For those who own their home, about 67 percent reported being several cost-burdened, meaning they spent at least half of their income on housing-related costs. The data showed at minimum wage, a worker would need to work at least 72 hours a week to be able to afford a one-bedroom home in some areas. Out of the ten most common jobs statewide, only four paid enough for someone to be able to afford a two-bedroom apartment.


“As we adjust to the new lifestyle caused by the pandemic, it is imperative we remain aware of how the pandemic has created lasting challenges for low-income Ohioans,” Cole said. “The effects to the job market and rise in housing costs have especially impacted those making low wages.”


Student Loan Debt


Tuition rates have soared over the past 20 years. Data shows in-state public university tuition has increased 211 percent in the last two decades.


Ohio’s median income is $1,406 lower than the national median income, but the median student debt in Ohio is $1,637 higher than the national median.


Cole also indicated Ohio lags behind the national average in spending on need-based state grants. Other states spend $573 per full-time student, whereas Ohio, he said, spends $188. He called for an increase in funding.


How poverty in Cuyahoga County stacks up


In February, The Center for Community Solutions prepared the 2022 Needs Assessment for Step Forward. The data showed Cleveland was ranked worst among large cities for poverty and child poverty.

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OACAA’s report claims out of the 1,216,183 living in Cuyahoga County, 29.1 percent are below the 200% Federal Poverty Level. That is 5.3 percent more than what the agency recorded in 2010.

The overall poverty rate in Cuyahoga County, according to OACAA, was 15.3 percent. The area ranked among the worst counties in Ohio, alongside Franklin, Hardin, Mahoning, Meigs, Jefferson and Lawrence Counties.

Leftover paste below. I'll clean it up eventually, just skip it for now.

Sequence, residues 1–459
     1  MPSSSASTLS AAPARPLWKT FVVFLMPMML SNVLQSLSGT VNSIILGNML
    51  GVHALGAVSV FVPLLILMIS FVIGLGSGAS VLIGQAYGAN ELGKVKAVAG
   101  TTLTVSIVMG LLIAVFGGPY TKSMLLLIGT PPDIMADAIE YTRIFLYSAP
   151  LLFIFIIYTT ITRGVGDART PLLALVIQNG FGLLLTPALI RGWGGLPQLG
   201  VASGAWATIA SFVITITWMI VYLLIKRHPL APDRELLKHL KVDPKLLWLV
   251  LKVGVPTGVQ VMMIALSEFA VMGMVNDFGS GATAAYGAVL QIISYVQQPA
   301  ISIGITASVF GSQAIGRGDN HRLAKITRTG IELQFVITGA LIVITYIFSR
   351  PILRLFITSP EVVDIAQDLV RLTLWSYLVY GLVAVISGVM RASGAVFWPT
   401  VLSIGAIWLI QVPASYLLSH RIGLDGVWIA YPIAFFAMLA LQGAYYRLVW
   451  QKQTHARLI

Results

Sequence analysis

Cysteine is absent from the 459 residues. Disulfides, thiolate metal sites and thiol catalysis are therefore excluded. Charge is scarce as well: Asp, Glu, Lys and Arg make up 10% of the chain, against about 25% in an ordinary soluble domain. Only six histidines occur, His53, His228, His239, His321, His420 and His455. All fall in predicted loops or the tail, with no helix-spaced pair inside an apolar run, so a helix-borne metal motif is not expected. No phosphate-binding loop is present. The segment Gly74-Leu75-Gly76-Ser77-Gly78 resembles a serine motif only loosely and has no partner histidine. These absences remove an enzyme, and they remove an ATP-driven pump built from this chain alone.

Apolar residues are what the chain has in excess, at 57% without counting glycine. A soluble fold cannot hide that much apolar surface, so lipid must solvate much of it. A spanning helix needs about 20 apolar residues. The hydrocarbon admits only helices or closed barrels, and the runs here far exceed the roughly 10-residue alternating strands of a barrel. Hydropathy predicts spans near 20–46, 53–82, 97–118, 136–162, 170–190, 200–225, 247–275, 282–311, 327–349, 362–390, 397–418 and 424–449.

The median income in Cuyahoga County was about $55,128. About 19.9 percent of children were said to be living in poverty. About 20 percent of Cuyahoga County children were food insecure.


What Step Forward is doing to help


For almost 60 years, Step Forward has been tasked and trusted as the designated anti-poverty agency in Cuyahoga County. For decades, our agency has understood poverty is complex. The circumstances, situations and needs are unique for everyone. It is why through our partnerships and our variety of programs, we help people navigate short and long-term needs.


“The State of Poverty report released by the Ohio Association of Community Action Agencies confirms what we know to be true in Cuyahoga County: poverty remains a significant challenge for many families,” Dr. Jacklyn Chisholm, President and CEO of Step Forward, said. “Step Forward has been dedicated to serving low-income families in Cuyahoga County for over a half a century, and we continue our commitment of helping individuals and families meet their basic needs, as well as find jobs and prepare their children for success.”


By offering early childhood education, emergency assistance, home energy assistance, personal and professional development, Step Forward’s ultimate goal is to help people get back on their feet and work toward self-sufficiency.


For help, click any of the links above or call 216.696.9077. You can also visit one of Step Forward's four Neighborhood Opportunity Centers.